Grant-Lee Phillips is an American singer-songwriter and multi-instrumentalist famed for leading the group Grant Lee Buffalo in the 1990s, and later launching a solo career.
After spending his formative years in Stockton, California, Grant-Lee Phillips headed to Los Angeles to study film. Finding himself beneath the spell cast by local bands like the Rain Parade and the Dream Syndicate, Phillips soon partnered with Stockton acquaintance Jeff Clark to form Shiva Burlesque. The band dissolved after two critically acclaimed records, and Phillips began writing and demoing under the Grant Lee Buffalo alias. Following several solo performances, he invited former bandmates Joey Peters and Paul Kimble to join him, and the trio signed to the Warner Bros subsidiary Slash Records in 1992.
Phillips’ golden, honey-soaked voice had largely gone to waste in Shiva Burlesque, but the new band enabled him to step out as a singer/songwriter and multi-instrumentalist. Grant Lee Buffalo went on to release four very different LPs, although a cult following, several successful tours, and across-the-board critical acclaim (Phillips was voted Rolling Stone’s Male Vocalist of the Year following the second LP) didn’t translate into strong sales. Frustrated with his label’s dead-on-arrival promotion, Phillips asked for his band to be released from their contract, and he was obliged. (It was erroneously reported that he had been dropped.) Phillips dissolved his band, anxious to forge a new path.
In October of 1999, he headed to Jon Brion’s studio and recorded a handful of new songs, played exclusively by himself. Dubbed Ladies’ Love Oracle, the album was self-released the following year online; Phillips also sold it during his numerous appearances at Largo in Hollywood. After landing a new contract with Zoe/Rounder – and making the first of many appearances on the popular comedy-drama Gilmore Girls, as a roaming town troubadour – he issued the excellent Mobilize in 2001. The next year, Rounder reissued Ladies’ Love Oracle in time for Phillips’ joint tour with Kristin Hersh and Joe Doe. Virginia Creeper followed in 2004, marking the first time that Phillips had consciously eschewed all electric guitars in favour of a stripped-down, folksy sound. A covers album, Nineteeneighties, appeared in 2006, and Strangelet arrived one year later. For his next effort, Phillips assembled a band that featured Jay Bellerose, Paul Bryan, and Jamie Edwards, all of whom spent five days recording 2009’s Little Moon.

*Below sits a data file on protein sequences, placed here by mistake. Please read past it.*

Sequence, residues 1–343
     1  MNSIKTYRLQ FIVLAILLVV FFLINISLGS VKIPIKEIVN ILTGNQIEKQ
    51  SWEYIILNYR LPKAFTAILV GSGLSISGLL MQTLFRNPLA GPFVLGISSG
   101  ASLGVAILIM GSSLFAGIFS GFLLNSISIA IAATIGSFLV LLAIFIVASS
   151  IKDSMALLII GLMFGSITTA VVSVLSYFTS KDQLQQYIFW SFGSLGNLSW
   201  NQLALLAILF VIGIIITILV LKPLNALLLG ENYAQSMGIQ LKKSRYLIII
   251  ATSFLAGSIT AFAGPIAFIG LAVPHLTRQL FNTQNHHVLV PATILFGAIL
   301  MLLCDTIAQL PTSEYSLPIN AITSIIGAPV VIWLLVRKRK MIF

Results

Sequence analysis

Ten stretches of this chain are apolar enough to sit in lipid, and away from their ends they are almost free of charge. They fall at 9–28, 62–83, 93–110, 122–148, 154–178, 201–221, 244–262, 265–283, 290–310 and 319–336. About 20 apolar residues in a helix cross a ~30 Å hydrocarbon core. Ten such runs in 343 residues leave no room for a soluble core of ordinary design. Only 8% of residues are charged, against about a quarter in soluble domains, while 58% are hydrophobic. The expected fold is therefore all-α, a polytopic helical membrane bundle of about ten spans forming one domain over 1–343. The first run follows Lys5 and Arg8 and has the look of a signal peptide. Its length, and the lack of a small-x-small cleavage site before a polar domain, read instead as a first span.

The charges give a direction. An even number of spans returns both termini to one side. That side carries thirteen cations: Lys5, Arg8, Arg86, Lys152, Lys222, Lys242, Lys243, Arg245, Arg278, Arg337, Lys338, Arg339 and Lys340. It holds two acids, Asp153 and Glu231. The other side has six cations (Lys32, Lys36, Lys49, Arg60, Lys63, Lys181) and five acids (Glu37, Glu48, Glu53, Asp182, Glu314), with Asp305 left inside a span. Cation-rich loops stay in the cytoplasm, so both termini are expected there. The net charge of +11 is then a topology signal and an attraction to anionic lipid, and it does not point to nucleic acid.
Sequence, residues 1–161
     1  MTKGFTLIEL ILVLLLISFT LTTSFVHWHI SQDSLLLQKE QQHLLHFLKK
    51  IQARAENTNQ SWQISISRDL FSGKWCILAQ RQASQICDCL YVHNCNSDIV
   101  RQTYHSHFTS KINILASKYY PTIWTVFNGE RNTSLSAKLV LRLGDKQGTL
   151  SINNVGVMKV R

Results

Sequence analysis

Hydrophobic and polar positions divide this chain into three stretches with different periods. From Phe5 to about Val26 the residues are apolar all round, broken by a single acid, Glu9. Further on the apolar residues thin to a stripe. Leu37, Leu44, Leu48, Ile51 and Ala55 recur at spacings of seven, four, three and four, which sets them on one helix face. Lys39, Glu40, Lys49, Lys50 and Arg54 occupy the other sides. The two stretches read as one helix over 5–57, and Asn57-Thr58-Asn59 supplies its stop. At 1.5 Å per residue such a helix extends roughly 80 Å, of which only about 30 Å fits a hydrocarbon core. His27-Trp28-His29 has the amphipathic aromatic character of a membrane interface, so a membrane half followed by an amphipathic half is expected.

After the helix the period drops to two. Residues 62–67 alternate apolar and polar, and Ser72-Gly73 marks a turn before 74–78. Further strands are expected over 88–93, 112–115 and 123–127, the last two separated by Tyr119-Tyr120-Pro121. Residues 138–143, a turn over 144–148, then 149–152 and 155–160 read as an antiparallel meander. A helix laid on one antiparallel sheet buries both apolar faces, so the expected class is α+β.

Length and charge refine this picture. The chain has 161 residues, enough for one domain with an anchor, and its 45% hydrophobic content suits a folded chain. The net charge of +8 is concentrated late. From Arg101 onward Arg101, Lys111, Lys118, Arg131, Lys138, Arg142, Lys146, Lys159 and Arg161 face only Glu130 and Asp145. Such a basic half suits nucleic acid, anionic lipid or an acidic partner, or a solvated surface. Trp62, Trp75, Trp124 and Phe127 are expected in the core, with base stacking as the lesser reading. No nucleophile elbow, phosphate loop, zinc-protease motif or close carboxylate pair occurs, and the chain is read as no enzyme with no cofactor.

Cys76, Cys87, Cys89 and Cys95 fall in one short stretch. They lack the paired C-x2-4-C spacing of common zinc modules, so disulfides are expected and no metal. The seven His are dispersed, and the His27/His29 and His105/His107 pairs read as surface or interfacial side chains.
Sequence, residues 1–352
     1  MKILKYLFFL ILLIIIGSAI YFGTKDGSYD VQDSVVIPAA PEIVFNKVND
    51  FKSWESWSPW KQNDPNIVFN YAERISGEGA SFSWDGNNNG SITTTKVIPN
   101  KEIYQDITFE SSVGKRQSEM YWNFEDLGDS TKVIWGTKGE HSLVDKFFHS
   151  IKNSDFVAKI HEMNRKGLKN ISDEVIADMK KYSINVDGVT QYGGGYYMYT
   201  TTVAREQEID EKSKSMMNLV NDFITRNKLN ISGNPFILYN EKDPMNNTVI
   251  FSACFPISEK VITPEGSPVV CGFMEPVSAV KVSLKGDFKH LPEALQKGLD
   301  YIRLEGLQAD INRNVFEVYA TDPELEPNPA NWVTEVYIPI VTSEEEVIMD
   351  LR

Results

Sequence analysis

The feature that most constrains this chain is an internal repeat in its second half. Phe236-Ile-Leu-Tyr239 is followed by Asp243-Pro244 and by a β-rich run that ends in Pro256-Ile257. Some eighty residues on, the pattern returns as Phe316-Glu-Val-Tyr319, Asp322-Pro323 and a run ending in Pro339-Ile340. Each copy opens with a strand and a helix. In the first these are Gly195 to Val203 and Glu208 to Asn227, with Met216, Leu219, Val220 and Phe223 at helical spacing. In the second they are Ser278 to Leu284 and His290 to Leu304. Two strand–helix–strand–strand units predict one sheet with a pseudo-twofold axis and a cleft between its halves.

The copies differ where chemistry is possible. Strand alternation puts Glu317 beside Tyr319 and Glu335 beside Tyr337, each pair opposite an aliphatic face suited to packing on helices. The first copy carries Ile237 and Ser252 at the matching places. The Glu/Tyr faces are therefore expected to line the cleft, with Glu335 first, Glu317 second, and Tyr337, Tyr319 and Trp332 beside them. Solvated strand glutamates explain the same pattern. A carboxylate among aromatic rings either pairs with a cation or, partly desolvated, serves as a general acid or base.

In October 2012, Phillips, who is descended from the Creek and Cherokee Native American tribes, released the album Walking in the Green Corn, featuring several songs informed by his indigenous heritage. In 2013, Phillips and his family left California to settle in Tennessee. Teaming with a handful of Nashville musicians, he recorded The Narrows, released on March 18, 2016 by Yep Roc Records.
Credit Andy Kellman, Rovi – 02.11.2017
Storytelling is something of a Texas tradition. Tall hats and even taller tales are woven into the fabric of The Lone Star State, and singer-songwriter, Jarrod Dickenson can spin a yarn with the best of them.
Hailing from Waco, now based in Nashville via Brooklyn, Dickenson spends most of his time on the road bringing his own particular brand of soulful Americana to a wide variety of music loving audiences around the globe.
Jarrod’s critically acclaimed album ‘The Lonesome Traveler’ and his subsequent EP ‘Songs From Willow St’ paved the way for him to tour the UK, Ireland and Europe extensively over the last several years. Breakout performances at Glastonbury and Larmer Tree Festival, along with recent tours supporting legendary artists such as Bonnie Raitt, Don McLean and The Waterboys have earned Jarrod a formidable and loyal fan base across the globe, including BBC radio hosts Dermot O’Leary, Cerys Matthews, Huey Morgan, Janice Long, Robert Elms and Alex Lester.